Scatter the stew with chopped flat leaf parsley, and serve with mash, some steamed kale, and chunks of good bread and butter.

Enjoyed with a nice bottle of Chilean Carmenere.

Beetroot Houmous and Feta Canapes

For a delicious quick starter or canape, I love using chicory boats, and load them up with something to tickle the tastebuds, often it’s a nice smoked fish mousse, but I wanted to try something different, so I delved into my River Cottage Everyday book and came back with the Beetroot Houmous recipe, and having lots of beetroot plump and inviting in the garden decided to go for this.

Beetroot and Walnut Houmous (River Cottage)

Roast 4 medium beetroot in the oven with a dash of olive oil.

Pop these in a foodprocessor with 50g toasted walnuts, 25g breadcrumbs, a tablespoon of tahini, cumin to taste, juice from a lemon, salt and pepper, a garlic clove and a good glug of olive oil/rapessed oil, and blend until a nice coarse paste is achieved.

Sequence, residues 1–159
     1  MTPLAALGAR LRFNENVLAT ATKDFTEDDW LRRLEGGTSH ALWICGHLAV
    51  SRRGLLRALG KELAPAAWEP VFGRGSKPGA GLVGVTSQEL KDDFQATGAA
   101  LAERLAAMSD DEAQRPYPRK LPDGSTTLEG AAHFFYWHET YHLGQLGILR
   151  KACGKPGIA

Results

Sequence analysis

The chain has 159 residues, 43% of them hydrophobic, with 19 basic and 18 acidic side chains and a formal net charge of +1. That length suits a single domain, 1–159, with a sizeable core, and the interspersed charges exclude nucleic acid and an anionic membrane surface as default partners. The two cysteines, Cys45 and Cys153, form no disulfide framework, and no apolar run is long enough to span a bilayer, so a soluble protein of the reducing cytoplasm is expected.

Break off the chicory boats, and load with a teaspoon of houmous, a crumble of feta or goats cheese, and a drizzle of olive oil and lemon juice.

Tagliatelle with hot smoked trout

With my hot smoked trout, I wanted to come up with a delicious pasta for our supper to do the fish justice.

Gently sweat a couple of finely chopped garlic cloves in a large pan, add the zest of a finely grated unwaxed lemon and the flakes of smoked fish, you can use hot or cold smoked salmon or trout. Add a good few table spoons of creme fraiche.

Meanwhile add some fresh egg tagliatelle to boiling salted water and cook until al dente, drain and add to the creamy fish, add plenty of freshly cracked black pepper, and a sprinkle of finely chopped flat leaf parsley and a little finely grated parmesan.

Salsola…a samphire alternative?

Marsh Samphire has to be one of my all time favourite vegetables, fresh, crunchy and salty it is also highly seasonal, and recently trendier and hence more expensive, so I was very pleased to come across Salsola Soda in the Real Seeds catalogue last winter. It’s a salad vegetable that is very popular in Italy and Japan, and to my taste also very similar to samphire.

It can be used raw in a salad dressed with a light lemony vinaigrette, or lightly steamed with a little butter or olive oil, a squeeze of lemon juice and a little seasoning, which was what I did.